One might expect the faux-documentary approach (well-worn by this point) to handicap the intentional, polished craftsmanship of Shyamalan’s typical visuals.  However, with the aid of cinematographer Maryse Alberti, M. Night incorporates these traits into the documentary style without missing a beat.  By making Becca an amateur filmmaker with a thirst for shooting “art”, the filmmakers can capture evocative imagery that fits with the story because it fits with her perspective.  These shots also contrast nicely with Tyler’s haphazard shooting style.

Furthermore, Shyamalan uses the tool of perspective to his full advantage.  By putting cameras in the hands of multiple characters, he highlights what each person can or can’t see at the same moment in relation to each other.  Also, the camera is not entirely handheld, but often views the action from a tripod or other surface that the characters set it on.  This allows Shyamalan to utilize his trademark of ominous, off-kilter frames that simply hold on scenes to build suspense.

Also, Alberti crafts some great, naturalistic lighting, adding atmosphere without feeling intrusive because the lighting flows from the environments being shot in.  Mysterious, ominous moments often play out in shadowed spaces, adding to the dread.  Furthermore, the choice to shoot in winter aids the atmosphere, with the snowy landscape and rustic farmhouse resembling a dark twist on a holiday greeting card.  This harmony between visuals and location also comes through the work of production designer Naaman Marshall, coupled with location planning.  Microbudget filmmakers should take note on how important this synergy is to the success of a film’s visuals, and use the knowledge for their own projects.

This rural wintertime setting lends the perfect atmosphere to The Visit.

This rural wintertime setting lends the perfect atmosphere to The Visit.

Use of Audio

The sound design of The Visit is excellent, which is key for documentary-style movies–as many learned through the Blair Witch Project.  Though the audience will forgive intentionally shaky visuals, bad audio will always throw them out of the story.

Very creative uses of sound design amplify the suspense.  In one scene, the simple sound of water running through pipes gradually rises in intensity as the level of terror grows, putting the viewer completely on edge.  This is a great way to avoid a traditional music score (this movie almost totally lacks music), and also mirrors the feeling of heightened awareness that a person would feel in a very scary situation.

All of the dialogue and effects in the film are clean, intelligible, and effective.  The filmmaking crew certainly took great care to capture the best possible production sound.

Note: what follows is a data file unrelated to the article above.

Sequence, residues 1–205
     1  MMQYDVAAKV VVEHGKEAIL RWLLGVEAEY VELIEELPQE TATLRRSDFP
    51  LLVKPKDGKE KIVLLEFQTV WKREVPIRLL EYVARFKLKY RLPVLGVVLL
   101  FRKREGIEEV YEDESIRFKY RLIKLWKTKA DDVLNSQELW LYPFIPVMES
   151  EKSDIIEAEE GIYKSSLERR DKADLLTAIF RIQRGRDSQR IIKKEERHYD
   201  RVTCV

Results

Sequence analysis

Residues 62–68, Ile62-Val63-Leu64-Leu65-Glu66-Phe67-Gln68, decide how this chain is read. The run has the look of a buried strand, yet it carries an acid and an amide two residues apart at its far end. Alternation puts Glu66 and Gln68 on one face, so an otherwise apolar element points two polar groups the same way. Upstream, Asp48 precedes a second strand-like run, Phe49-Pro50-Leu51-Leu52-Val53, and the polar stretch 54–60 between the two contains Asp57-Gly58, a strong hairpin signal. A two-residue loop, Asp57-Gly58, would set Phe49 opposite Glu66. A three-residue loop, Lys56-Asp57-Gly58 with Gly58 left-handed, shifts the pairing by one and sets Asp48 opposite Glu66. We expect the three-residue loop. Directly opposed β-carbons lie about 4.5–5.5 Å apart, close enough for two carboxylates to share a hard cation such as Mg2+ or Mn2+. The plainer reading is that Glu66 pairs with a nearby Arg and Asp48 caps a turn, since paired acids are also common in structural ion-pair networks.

Nana gets a little cranky after 9:30pm…

Nana gets a little cranky after 9:30pm…

Use of Budget

The team behind The Visit made the movie very well on their relatively small budget (by Hollywood standards) of $5,000,000.  The production values impress for the cost.  However, I do feel that the filmmakers could have pushed even further into microbudget territory, had they really wanted to stretch themselves.  This story could truly be done for even less, because the script is strong enough to support it.  The filmmakers chose to spend the extra money on added touches like great sound design and visual flair.  They were also undoubtedly working within union regulations, which require higher salary rates for cast and crew.  These extra elements were true advantages to the film, but I still wonder what could have been created using the same script under even leaner financial circumstances.

Lasting Appeal

This  movie holds excellent rewatch value, and contains at least one unforgettable moment that viewers will want to relive.  I have seen the movie twice myself, and love recommending it to friends.  It certainly inspires some fun conversations with people who have also seen it!

Overall Comment

The Visit delivers a truly enjoyable time at the movies.  At each screening I have attended, the crowd laughed, screamed, and shouted along with the characters the whole way.  Though it contains some small flaws, it is truly engaging- the hallmark of a really good film.  It also serves as an interesting study for microbudget filmmakers on how to hook audiences with limited production resources.  I feel that more seasoned filmmakers should go back to their roots, strip away the massive budgets, and work on small-scale projects.  It would be very interesting to see what more filmmakers from Hollywood could come up with if they did so.  I’m glad M. Night took this approach and gave us a great, entertaining film!

Breakdown
Content
9.0
Visual Look
9.5
Use of Audio
10.0
Use of Budget
7.5
Lasting Appeal
10.0

Overall Score

9.2

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Manuel Crosby is a filmmaker currently based in Northern California. As a cinematographer and editor, he works with other filmmakers throughout California. Also, as a writer and director he creates many short films available on his Youtube channel and at http://manuelcrosby.com/, including the western "Dead Man's Locket" and the thriller "Precaution". Finally, he is a longtime volunteer at Calaveras County Public Access Television. Manuel is currently working on his feature length co-directing debut: a dark-comedy, coming-of-age thriller called "First Date".